Wednesday, August 06, 2008

British government bans the word 'obese' to describe overweight children

How confused can you get? They want to harass kids into losing weight but don't want to hurt their feelings. What do they think the kids feel about being told that their weight is unacceptable?
"Parents of primary schoolchildren will start getting letters next month telling them how fat their children are under Government plans to tackle childhood obesity. But however much they weigh, no child will ever be described as "obese".

The Department of Health faced criticism yesterday for a "prissy" approach to tackling obesity after it said that it did not want the term "obese" included in the letters.

The department said that research had shown that the term was a turn-off, so instead it will use the term "very overweight" for those children whose body mass index exceeds 30, in an attempt to enlist parents' support.


Cotton wool kids

Children are being denied adventurous play because their parents are nervous about exposing them to risk, a new survey suggests. The UK-wide poll, commissioned by Play England, found half of 7-12 year olds have been stopped from climbing trees. It also showed 21% of those surveyed had been banned from playing conkers, and 17% were not allowed to play chase.

The ICM poll interviewed 1,030 children and young people aged 7-16, and 1,031 adults during July 2007. Play England, which says it promotes free play opportunities, insists that parents "constantly wrapping children in cotton wool" can harm the children's development.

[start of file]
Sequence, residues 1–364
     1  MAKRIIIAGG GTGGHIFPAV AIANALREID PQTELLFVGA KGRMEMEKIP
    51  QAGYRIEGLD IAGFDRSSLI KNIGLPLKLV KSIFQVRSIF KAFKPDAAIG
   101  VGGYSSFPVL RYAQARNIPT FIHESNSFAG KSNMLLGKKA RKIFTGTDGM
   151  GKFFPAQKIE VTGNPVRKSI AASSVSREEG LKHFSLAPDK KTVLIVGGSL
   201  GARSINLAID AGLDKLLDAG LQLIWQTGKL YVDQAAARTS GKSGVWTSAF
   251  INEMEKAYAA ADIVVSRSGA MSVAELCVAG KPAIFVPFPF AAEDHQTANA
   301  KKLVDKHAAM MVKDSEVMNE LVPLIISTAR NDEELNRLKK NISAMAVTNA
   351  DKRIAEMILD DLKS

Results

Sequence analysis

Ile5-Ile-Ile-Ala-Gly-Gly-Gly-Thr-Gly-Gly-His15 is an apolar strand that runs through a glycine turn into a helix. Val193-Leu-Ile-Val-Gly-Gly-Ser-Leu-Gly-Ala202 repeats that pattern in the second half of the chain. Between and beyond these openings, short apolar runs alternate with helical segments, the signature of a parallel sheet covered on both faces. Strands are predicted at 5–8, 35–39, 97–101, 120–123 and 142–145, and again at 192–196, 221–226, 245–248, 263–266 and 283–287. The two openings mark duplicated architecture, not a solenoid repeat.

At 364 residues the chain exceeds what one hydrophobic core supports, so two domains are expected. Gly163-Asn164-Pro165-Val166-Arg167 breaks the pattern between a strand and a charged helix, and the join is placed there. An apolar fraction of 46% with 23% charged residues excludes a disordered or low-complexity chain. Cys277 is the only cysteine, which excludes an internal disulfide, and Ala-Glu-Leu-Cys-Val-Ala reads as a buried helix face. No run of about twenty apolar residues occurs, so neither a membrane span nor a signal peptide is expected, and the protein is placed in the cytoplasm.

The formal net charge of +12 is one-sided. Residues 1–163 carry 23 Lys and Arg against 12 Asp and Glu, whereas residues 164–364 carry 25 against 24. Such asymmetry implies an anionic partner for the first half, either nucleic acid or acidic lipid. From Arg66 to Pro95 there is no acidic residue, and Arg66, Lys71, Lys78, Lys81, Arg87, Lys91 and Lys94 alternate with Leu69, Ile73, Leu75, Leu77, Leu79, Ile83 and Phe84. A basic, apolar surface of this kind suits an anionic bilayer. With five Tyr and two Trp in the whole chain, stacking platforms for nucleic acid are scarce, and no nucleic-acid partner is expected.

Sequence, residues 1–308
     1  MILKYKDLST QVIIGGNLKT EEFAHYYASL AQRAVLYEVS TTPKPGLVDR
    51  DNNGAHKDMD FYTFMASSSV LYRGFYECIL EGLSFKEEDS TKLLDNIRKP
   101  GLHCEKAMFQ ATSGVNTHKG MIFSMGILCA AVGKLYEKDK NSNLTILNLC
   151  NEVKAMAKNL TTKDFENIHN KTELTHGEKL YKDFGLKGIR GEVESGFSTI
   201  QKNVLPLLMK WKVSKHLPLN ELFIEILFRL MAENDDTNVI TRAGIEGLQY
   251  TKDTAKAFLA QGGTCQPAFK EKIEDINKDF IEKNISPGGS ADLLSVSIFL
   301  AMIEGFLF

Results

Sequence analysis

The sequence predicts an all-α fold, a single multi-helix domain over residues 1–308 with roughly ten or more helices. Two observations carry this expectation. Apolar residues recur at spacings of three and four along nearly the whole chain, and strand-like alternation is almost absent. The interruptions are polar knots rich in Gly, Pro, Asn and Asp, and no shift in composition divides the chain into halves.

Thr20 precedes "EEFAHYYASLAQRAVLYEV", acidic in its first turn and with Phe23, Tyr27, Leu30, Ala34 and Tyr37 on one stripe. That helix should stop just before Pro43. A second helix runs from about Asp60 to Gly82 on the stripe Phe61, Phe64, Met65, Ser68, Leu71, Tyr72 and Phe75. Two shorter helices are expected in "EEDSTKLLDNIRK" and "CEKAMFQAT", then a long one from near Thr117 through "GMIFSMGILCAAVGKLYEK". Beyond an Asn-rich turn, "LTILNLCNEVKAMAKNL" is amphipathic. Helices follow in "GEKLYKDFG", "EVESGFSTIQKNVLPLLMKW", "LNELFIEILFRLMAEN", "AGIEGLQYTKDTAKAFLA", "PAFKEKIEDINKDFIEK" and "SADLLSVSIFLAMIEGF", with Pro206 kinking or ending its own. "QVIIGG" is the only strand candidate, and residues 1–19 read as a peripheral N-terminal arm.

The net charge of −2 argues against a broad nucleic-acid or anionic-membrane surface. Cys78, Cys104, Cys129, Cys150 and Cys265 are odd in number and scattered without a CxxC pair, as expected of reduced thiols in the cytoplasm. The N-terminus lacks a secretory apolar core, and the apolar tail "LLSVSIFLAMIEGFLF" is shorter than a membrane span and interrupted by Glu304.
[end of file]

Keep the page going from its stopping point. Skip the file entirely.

The poll found showed 51% of children aged 7-12 were not allowed to climb a tree without adult supervision, with 49% stopped from climbing trees altogether because it was considered too dangerous.

According to the research, 70% of adults had their biggest childhood adventures outdoors among trees, rivers and woods, compared with only 29% of children today. It found children's experiences of adventure are confined to designated areas such as playgrounds (56%), their homes (48%) or theme parks (44%).

Adrian Voce, director of Play England, which is part of the charity National Children's Bureau, said playing was "an essential part of growing up". "Adventurous play both challenges and excites children and helps instil critical life skills," he said. "Constantly wrapping children in cotton wool can leave them ill equipped to deal with stressful or challenging situations they might encounter later in life. "Children both need and want to push their boundaries in order to explore their limits and develop their abilities."

The survey was carried out to mark Playday, the annual celebration of children's right to play, which is co-ordinated by Play England.


Secret deal kept British Army out of battle for Basra: "A secret deal between Britain and the notorious al-Mahdi militia prevented British Forces from coming to the aid of their US and Iraqi allies for nearly a week during the battle for Basra this year, The Times has learnt. Four thousand British troops - including elements of the SAS and an entire mechanised brigade - watched from the sidelines for six days because of an "accommodation" with the Iranian-backed group, according to American and Iraqi officers who took part in the assault. US Marines and soldiers had to be rushed in to fill the void, fighting bitter street battles and facing mortar fire, rockets and roadside bombs with their Iraqi counterparts. Hundreds of militiamen were killed or arrested in the fighting. About 60 Iraqis were killed or injured. One US Marine died and seven were wounded. US advisers who accompanied the Iraqi forces into the fight were shocked to learn of the accommodation made last summer by British Intelligence and elements of al-Mahdi Army"

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